The Future of Beer Writing

The release last month of The Oxford Companion to Beer has provoked a lot of discussion in the beerosphere--pro and, mostly, con. (I haven't seen it yet, but I am concerned that the publisher's comments begin with that inaccurate quote by Ben Franklin.) Start with this review by Alan McLeod and then read Stan Hieronymus' post and the extensive comments thereafter.

I won't try to summarize the discussions except to say that we seem to have finally arrived, now more than four years after his death, in the post-Jackson era. The Michael Jackson era began in the mid-70s and ended with his death in 2007. In that time, he published the definitive guide to world beer (World Guide to Beer and later the Beer Companion), the definitive ratings guide (Pocket Guide to Beer), and the definitive guide to Belgium (Great Beers of Belgium). He played a role in defining style, and he identified the breweries that continue to be considered world classics. The way he thought about and wrote about beer became the template of his era. (That some people regret aspects of his legacy is another matter.)

Jackson, of course, started writing in a very different time. When he discussed, say, Saison Dupont, very few people had ever heard of it, much less tasted it. Now the beer is available at most grocery stores. When people wanted information about beer, they had next to no sources beyond Jackson--though this obviously changed over the years.

Now we have amazing distribution networks that shuttle the beers of the world around the globe. We have hundreds of writers sharing information about beers. We have programs to teach people about beer. And perhaps most revolutionarily, we have the hive mind of ratings sites like BeerAdvocate and RateBeer coupled with GPS and the larger internet. This last change is key. The Oxford Companion arrives at a moment when very little information is beyond the reach of a Google search. (Based on some of the critiques I'm reading, a Google search may produce more accurate information, too.) All of this was floating in my mind when I read about a Harvard Business School report (pdf)on the impact of sites like Yelp.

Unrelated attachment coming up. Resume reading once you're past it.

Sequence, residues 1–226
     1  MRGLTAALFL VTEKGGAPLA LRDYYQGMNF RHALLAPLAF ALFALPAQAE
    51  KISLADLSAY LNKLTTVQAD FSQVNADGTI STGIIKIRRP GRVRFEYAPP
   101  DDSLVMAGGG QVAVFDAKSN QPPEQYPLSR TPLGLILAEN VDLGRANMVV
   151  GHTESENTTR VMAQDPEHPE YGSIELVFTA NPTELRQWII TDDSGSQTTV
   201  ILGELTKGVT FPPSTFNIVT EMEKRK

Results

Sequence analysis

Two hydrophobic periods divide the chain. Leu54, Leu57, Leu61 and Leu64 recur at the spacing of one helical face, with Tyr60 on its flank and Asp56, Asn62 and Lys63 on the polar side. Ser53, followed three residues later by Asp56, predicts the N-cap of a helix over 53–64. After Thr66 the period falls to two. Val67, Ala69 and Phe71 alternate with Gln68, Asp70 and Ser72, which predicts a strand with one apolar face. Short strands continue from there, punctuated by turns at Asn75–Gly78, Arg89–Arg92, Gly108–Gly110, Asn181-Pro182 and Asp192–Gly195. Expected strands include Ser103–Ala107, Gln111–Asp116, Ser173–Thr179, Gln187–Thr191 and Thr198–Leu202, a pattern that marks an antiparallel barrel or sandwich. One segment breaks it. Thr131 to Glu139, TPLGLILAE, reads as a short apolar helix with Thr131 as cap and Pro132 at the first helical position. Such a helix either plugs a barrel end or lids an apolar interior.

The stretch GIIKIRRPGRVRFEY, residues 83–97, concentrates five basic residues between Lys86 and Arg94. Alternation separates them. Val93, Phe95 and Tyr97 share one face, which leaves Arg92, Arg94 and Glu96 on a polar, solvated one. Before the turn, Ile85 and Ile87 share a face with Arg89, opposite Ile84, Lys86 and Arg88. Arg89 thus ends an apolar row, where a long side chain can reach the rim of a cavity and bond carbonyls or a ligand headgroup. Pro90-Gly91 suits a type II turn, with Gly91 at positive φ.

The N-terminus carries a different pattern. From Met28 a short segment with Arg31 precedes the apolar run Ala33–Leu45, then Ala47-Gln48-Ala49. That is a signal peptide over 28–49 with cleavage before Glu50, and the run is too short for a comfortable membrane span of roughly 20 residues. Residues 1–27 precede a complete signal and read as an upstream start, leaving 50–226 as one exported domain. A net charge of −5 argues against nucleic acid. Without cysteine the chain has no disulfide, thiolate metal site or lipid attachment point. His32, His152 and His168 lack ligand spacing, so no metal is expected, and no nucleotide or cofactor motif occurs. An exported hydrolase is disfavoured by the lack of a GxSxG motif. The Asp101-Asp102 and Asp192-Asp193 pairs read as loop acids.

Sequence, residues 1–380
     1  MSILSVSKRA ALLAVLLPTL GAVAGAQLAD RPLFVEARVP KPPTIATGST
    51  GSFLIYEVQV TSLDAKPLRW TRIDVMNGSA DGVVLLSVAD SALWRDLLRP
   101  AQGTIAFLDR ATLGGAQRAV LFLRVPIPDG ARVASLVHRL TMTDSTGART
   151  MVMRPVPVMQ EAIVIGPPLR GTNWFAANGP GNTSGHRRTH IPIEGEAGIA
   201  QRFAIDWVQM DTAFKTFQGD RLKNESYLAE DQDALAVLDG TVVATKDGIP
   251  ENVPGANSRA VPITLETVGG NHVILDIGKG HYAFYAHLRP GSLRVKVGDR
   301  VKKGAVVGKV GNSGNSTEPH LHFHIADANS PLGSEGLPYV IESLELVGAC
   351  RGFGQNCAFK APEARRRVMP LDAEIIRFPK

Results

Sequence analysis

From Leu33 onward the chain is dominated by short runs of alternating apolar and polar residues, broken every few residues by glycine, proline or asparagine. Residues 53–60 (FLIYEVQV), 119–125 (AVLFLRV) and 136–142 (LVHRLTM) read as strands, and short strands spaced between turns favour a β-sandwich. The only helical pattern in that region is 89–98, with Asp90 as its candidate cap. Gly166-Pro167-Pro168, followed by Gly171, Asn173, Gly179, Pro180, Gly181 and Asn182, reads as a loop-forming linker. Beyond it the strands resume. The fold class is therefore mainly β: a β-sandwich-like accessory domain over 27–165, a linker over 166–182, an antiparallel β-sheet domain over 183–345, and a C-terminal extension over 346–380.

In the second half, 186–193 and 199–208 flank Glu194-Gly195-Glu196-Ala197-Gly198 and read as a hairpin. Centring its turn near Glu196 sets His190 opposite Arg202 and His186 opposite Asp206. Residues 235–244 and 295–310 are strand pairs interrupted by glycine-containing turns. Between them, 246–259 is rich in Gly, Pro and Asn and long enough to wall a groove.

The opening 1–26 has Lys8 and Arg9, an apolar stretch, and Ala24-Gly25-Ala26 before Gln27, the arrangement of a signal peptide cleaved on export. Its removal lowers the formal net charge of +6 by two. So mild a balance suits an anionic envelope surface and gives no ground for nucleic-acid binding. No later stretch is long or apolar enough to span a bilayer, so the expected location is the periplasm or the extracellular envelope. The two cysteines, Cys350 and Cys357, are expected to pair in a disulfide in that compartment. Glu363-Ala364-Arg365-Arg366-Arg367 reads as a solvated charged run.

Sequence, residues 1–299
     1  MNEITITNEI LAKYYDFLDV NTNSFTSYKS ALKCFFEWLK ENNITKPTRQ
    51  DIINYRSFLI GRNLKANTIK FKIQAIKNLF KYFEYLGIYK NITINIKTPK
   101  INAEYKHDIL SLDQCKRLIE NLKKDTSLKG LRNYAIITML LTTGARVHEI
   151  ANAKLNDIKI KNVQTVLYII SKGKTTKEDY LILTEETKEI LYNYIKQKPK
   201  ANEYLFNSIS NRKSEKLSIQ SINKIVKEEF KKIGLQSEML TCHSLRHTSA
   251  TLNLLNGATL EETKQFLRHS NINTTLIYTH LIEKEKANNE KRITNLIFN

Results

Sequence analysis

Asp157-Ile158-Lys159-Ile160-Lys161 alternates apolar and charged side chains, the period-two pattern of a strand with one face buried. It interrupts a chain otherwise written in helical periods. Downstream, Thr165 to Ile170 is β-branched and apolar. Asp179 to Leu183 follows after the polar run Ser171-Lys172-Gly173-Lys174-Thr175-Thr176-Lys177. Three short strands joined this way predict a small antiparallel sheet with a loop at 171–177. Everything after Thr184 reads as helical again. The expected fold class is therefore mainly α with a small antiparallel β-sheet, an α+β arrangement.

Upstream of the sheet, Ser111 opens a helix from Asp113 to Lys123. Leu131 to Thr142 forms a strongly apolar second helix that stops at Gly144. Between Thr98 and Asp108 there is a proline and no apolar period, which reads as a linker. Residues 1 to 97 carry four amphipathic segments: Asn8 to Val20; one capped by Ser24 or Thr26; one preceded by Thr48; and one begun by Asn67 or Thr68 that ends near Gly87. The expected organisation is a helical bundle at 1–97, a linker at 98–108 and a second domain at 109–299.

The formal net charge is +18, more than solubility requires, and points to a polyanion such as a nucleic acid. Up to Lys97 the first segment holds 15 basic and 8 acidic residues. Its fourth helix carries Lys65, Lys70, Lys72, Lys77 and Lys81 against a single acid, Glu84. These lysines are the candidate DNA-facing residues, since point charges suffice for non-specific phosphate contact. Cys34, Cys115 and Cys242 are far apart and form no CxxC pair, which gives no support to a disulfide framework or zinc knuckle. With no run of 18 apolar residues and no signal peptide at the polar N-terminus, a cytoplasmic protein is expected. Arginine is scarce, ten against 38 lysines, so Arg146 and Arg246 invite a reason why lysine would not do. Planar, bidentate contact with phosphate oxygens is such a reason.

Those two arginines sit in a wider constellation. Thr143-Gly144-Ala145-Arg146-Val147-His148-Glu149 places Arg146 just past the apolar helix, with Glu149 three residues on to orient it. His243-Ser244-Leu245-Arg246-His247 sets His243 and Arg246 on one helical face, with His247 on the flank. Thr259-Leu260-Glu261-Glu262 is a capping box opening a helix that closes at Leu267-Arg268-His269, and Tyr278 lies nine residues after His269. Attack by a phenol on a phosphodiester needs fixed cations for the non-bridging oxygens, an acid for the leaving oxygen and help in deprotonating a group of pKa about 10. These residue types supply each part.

For our purposes, I'd like you to look at this graph from the appendix:

Although Yelp tracks restaurants, not breweries and beer, the point is analogous. In this graph, the Zagat/Seattle Times/Food and Wine entries can stand in for a writer like Jackson, while Yelp is the hive mind. If a consumer is looking for information about a brewery or beer, where do they go? In most cases, they'll find the information they're looking for on a ratings site. It won't be as detailed or have the rich context of a Jackson book, but it will be there. You'll get some information and you'll get it fast. In his thirty years of beer writing, Jackson reviewed a monumental number of beers--but probably around 10% of the beers available at any given time.

I think this makes accurate writing about beer more important, not less. Understanding the history, chemistry, and culture of beer is far more edifying than seeing what Dogboy37 from Ypsilanti thought of Bell's Two-Hearted Ale. And yet we will increasingly rely on raters to aggregate and sort information for us. BeerAdvocate is a tool used by an order of magnitude more people than readers of The Oxford Companion.

This post isn't headed anywhere, incidentally, except to note the phenomenon. Jackson didn't write during the age of BeerAdvocate. Writers today do. It is a sure bet that in order to find an audience, books will have deal with this reality and find ways to appeal to folks who are used to finding information instantly online.